MEXICO CITY -- On his third and final day on Mexican soil,
President Clinton toured ancient pyramids, mingled in a small-town square and passionately proclaimed the wonders of free trade.
"Every day we use products that are dreamed up in one country, financed in another, manufactured in a third, with parts made in still other countries -- and then sold all over the world," Clinton said. "Like it or not, we are becoming more interdependent."
Clinton's speech, delivered to an invitation-only audience of several thousand dignitaries and business people at the National Auditorium here, capped a program that had all the trappings of a rally in support of the 1994 North American Free Trade Agreement.
Mexican President Ernesto Zedillo introduced his American counterpart as the man who made NAFTA happen -- an observation that prompted applause.
The warm-up act was a pro-NAFTA film that lasted almost as long as Clinton's 25-minute talk. It featured Nobel laureates Robert J. Samuelson, an economist, and Octavio Paz, famed Mexico poet and writer, interspersed with dozens of workers and business executives on both sides of the border. All profusely praised NAFTA and closer U.S.-Mexico ties.
"President Clinton, we must unite our people, not divide them," said Mexican actress Salma Hayek.
The film, produced by the Mexican government, left White House aides smiling. "Wouldn't it be nice to have your own Department of Propaganda?" one quipped.
But Clinton's own tone on NAFTA wasn't much different.
"Four years ago, together we led the fight for NAFTA," he said. "Many people in both our countries painted a dark picture of lost jobs and boarded-up factories should NAFTA prevail. Well, they were wrong. NAFTA is working -- working for you and working for the American people."
Clinton and Zedillo both proudly cited trade figures showing that in the three years since NAFTA was adopted, Mexico has closed in on Japan -- which has an economy 15 times as large -- as America's second leading trading partner.
Clinton also touched briefly on the two issues that have dominated the agenda here: drugs and immigration.
Taking care not to point fingers, Clinton nonetheless spoke bluntly. He termed illegal drugs the greatest "scourge" on Earth. VTC Echoing a refrain from the day before, he maintained that both U.S. demand for drugs and the ease with which traffickers operate in Mexico are to blame.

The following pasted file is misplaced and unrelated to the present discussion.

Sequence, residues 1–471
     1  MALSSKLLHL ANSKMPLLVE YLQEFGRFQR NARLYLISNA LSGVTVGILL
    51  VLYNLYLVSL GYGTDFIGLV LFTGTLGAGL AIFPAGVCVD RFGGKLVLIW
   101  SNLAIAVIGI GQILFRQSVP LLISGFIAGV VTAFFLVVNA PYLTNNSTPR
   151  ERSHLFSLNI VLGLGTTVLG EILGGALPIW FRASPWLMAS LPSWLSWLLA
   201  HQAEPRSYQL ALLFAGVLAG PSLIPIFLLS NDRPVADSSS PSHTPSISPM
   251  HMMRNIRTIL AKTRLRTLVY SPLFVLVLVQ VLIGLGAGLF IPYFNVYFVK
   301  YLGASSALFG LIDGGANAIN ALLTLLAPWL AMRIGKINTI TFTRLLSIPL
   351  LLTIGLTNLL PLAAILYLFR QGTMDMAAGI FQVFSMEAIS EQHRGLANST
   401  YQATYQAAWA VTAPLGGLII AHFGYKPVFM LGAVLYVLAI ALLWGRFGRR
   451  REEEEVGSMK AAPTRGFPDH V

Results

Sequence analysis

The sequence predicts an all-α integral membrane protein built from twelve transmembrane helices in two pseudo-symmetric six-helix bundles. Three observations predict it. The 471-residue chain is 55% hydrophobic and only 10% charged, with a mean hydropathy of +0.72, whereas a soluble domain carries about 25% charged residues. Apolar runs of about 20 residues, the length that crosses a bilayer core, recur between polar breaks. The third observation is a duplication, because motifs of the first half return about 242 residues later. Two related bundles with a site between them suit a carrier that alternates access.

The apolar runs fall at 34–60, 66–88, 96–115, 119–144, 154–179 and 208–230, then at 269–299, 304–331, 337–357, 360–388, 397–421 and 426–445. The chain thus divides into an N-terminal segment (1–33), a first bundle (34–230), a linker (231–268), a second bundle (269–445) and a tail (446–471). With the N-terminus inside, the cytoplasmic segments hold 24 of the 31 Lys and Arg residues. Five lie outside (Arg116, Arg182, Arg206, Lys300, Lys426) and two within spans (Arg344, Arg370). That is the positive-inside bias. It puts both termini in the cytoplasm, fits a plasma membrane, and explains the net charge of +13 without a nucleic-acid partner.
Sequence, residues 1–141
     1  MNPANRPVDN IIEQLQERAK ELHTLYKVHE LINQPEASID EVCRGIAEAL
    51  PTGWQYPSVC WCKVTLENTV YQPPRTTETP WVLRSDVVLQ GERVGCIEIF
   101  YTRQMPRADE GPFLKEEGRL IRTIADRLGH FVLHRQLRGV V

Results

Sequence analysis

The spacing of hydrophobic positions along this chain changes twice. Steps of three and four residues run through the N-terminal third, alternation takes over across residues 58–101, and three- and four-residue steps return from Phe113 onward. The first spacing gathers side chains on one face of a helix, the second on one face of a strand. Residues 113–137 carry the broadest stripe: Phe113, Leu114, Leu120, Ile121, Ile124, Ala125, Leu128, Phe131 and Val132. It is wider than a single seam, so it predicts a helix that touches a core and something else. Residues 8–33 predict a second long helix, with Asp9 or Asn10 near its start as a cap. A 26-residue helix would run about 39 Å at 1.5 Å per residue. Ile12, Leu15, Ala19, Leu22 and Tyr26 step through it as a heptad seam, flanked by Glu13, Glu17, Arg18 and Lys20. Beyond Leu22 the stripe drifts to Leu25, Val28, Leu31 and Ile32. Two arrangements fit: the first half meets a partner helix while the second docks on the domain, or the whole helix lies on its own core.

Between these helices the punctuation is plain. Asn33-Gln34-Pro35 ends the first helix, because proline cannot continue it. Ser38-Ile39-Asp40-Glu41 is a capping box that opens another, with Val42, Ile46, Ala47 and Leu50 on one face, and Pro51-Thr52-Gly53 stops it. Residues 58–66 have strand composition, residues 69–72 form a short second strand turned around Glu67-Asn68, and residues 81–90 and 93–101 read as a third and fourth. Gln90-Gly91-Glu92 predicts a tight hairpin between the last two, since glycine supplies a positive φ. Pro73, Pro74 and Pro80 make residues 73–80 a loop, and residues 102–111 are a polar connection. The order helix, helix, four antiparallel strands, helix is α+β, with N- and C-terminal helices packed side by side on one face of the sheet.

Drugs a 'common problem'
"Drugs are not simply a Mexican problem or an American problem," he said. "They are our common problem."
On immigration, Clinton was interrupted by applause when, after defending America's right to crack down on illegal immigration, he added that the balanced budget agreement he hammered out with Republican congressional leaders last week includes "a significant restoration of welfare benefits to legal immigrants."
Yesterday was Clinton's last day in Mexico before heading to Costa Rica for a summit with Central American leaders.
From here, Clinton, Zedillo and their wives rode helicopters to the town of Tlaxcala, the 500-year-old capital of Mexico's smallest state. There, enthusiastic crowds -- some of them bused in by Zedillo's ruling party and coached on when to cheer -- along the motorcade route cheered and showered the presidential cars with red, white and blue confetti.
Gesturing toward first lady Hillary Rodham Clinton, the president told his audiences that Mexico meant much to him for personal reasons: "Almost 22 years ago now, Hillary and I came to Mexico for our honeymoon. Mexico won our hearts then. Now, as then, 'mi encanta Mexico' ['Mexico enchants me']."
Most Tlaxcala residents seemed charmed by Clinton as well.
Boy welcomes Clinton
Nine-year-old Aldo Herrera held aloft a hand-colored sign welcoming him to Mexico. When the president autographed it, the boy and his mother hugged each other and started crying tears of joy.
"Buenos dias, Tlaxcala!" Clinton said when he made his way to the town square. "We have come just to celebrate Mexico's people and culture with you."
Clinton and the first lady, both sporting straw hats in the high-altitude sun, shook hands with members of the crowd and then sat as a children's choir sang and danced for them.
During the children's rendition of the tune "Cielito Lindo," Clinton sang along, though uncertainly. Afterward, he gave a thumbs up and told the kids, "Wonderful, great job! Congratulations." None of the children seemed to understand the words, but they certainly got the point -- they made the president happy -- and they left the stage beaming.
A few of their parents were harder to please. Despite the trade figures touted by Clinton and Zedillo, wages and employment are stagnant in Mexico, and scattered jeers and whistles of derision could be heard as the president's remarks were translated into Spanish.
For the most part, however, the president and his entourage seemed to leave Tlaxcala -- and Mexico -- believing they had accomplished what they came for, which was to mend fences and foster a climate of good will.
"We did a lot of good work here," said White House press secretary Mike McCurry.
Pub Date: 5/08/97